This industry consists of companies that manufacture vitreous china table and kitchen articles, such as bone china, vitreous china tableware, vitreous china dishes, and china cooking ware. Manufacturers of fine earthenware table and kitchen articles are In SIC 3263: Fine Earthenware (Whiteware) Table and Kitchen Articles.
327112 (Vitreous China, Fine Earthenware and Other Pottery Product Manufacturing)
Manufacture of vitreous china table and kitchen articles is an anomaly in twentieth- and early twenty-first-century America. It is a very labor-intensive industry, with skilled craftsmen perfecting work that has extremely high standards of quality. In this industry, much of the technology is the same as it was ages ago. Many glaze recipes, clays, molds, casting, and firing processes have remained unchanged, but potters' wheels are electric, and jiggerblades quickly shape the pieces.
Porcelain was being made in China as early as the ninth century. Many centuries later, the Ohio River valley became the first china-manufacturing center in the United States. Here manufacturers had easy access to kaolin, the soft, white clay that is essential to the manufacture of china and porcelain.
Vitreous china is made of clays that are glazed and fired at extremely high temperatures. The temperatures cause the glaze to fuse with the clay and become nonporous. This china is both delicate and extremely durable. For this reason, it is used in hotels and restaurants more often than the semivitreous earthenware manufactured in SIC 3263.
The industry is closely tied to economic conditions because many people consider china to be a luxury. Also, since the manufacturers sell to the hotel and restaurant trade, they suffer when there is a slump in new hotel and restaurant openings. The bridal market accounts for a large percentage of sales of bone china and other vitreous china table articles, and when this market suffers, so does the industry. Competition from abroad is intense. Imports account for about half of the U.S. market of housewares, kitchenware, and tableware. Some U.S. manufacturers have part of the work done overseas and finish their pieces in this country.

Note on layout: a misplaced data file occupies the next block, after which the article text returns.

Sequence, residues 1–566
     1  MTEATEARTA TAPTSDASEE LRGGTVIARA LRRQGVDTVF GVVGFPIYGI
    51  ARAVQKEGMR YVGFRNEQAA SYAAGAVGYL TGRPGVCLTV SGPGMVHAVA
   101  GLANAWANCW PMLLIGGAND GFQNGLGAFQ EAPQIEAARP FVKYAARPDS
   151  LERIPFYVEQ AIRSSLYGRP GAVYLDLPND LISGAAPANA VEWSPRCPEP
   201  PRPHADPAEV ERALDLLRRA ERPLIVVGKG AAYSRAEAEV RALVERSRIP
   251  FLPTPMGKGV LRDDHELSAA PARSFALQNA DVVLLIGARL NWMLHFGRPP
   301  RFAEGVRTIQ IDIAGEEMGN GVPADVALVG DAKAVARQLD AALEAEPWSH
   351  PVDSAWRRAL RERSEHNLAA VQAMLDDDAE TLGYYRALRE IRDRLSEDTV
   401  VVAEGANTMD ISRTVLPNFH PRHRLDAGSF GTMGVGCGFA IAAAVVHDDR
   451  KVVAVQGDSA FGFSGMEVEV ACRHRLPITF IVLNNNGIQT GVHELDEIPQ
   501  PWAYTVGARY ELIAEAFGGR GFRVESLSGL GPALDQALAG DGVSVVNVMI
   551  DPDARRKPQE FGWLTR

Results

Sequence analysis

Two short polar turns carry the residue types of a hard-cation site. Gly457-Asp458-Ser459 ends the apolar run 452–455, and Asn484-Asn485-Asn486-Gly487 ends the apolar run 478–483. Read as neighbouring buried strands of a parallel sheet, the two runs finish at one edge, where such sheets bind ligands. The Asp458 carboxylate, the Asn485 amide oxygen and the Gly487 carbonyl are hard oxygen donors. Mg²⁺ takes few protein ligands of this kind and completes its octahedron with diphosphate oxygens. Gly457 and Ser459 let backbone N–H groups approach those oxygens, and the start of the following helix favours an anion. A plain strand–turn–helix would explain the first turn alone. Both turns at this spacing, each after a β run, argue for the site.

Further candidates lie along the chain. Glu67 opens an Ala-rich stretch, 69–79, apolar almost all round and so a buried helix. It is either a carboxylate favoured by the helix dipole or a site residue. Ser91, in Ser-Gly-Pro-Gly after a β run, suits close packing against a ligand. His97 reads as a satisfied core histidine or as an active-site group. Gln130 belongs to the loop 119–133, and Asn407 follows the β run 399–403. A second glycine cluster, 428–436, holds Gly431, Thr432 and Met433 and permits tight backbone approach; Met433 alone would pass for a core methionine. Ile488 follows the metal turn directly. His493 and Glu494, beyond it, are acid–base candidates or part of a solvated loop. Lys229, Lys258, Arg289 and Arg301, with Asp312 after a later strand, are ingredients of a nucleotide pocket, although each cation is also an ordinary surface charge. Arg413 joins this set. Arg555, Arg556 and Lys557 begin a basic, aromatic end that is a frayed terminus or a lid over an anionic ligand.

As consumer confidence waned amidst the U.S. economic downturn that began in 2000, the industry declined. The value of industry shipments, which had dipped from $1.48 billion in 1997 to $1.44 billion in 1999, declined further to $1.15 billion in 2001. The table and kitchenware segment of this industry, which accounts for nearly 30 percent of total industry sales, saw the value of shipments decline from $418.6 million in 1997 to $330.2 million in 2001.
Most industry leaders have been in the business for many years. Pfaltzgraff, founded in 1811 and headquartered in York, Pennsylvania, is said to be the oldest continuously operating pottery in the country. It is owned by the privately held company Susquehanna Broadcasting. Pfaltzgraff purchased another well-known chinaware manufacturer, Syracuse, in 1983. Lenox China, founded
in 1889 in Trenton, New Jersey, was bought by Brown-Forman in 1983. Oneida, which bought Buffalo China in 1983, was founded in 1848 and was originally known for its quality flatware. Homer Laughlin was founded in 1871 in West Virginia.
The three top companies in 2003 were Corning Inc., of Corning, New York, with nearly three billion dollars in sales; Lenox Inc., of Lawrenceville, New Jersey, with sales of $370 million; and Mikasa, Inc., of Secaucus, New Jersey, a subsidiary of France-based ARC International.
Industry jobs include machine operators in the slip-house; mold runners, casters, and jiggermen who shape and form the clay; cutters and finishers who dry and secondary shape; glaze grinders and decorators; kiln firemen and loaders; inspectors, selectors, and stampers; and packers. Average hourly wages for production workers in this industry were $11.20 in the early 2000s. Kiln operators earned hourly wages of $6.06 to $9.26, while molders and casters earned $4.61 to $9.86 per hour.
According to the U.S. Census Bureau, 18,696 people were employed in this industry in 2000, compared to 23,253 in 1997. Production workers in 2000 totaled 15,315. The cost of materials used by the industry was $508.8 million dollars in 2000, a decline from $540.9 million in 1997. An estimated 1,000 establishments produce vitreous china, as well as fine earthenware, discussed in SIC 3263: Fine Earthenware (Whiteware) Table and Kitchen Articles .
The U.S. industry endures heavy worldwide competition, especially with Japan, Taiwan, China, and England. However, a weaker dollar has meant that exports from the United States have increased, especially to Taiwan, Canada, and Mexico, while foreign products have become more expensive, making domestic products more attractive at home.
Some manufacturers were looking in new technological directions to beat foreign competitors, such as Pfaltzgraff, the first in the industry to have a dry press system, which formed, finished, decorated, glazed, and fired china in one continuous process. It vastly increased productivity. The company also invested in a CAD/CAM system that provided 3-D images of finished china products.
U.S. Census Bureau. "Statistics for Industry Groups and Industries: 2000." February 2002. Available from http://www.census.gov/prod/2002pubs/m00as-1.pdf .
——. "Value of Shipment for Product Classes: 2001 and Earlier Years." December 2002. Available from http://www.census.gov/prod/2003pubs/m01as-2.pdf .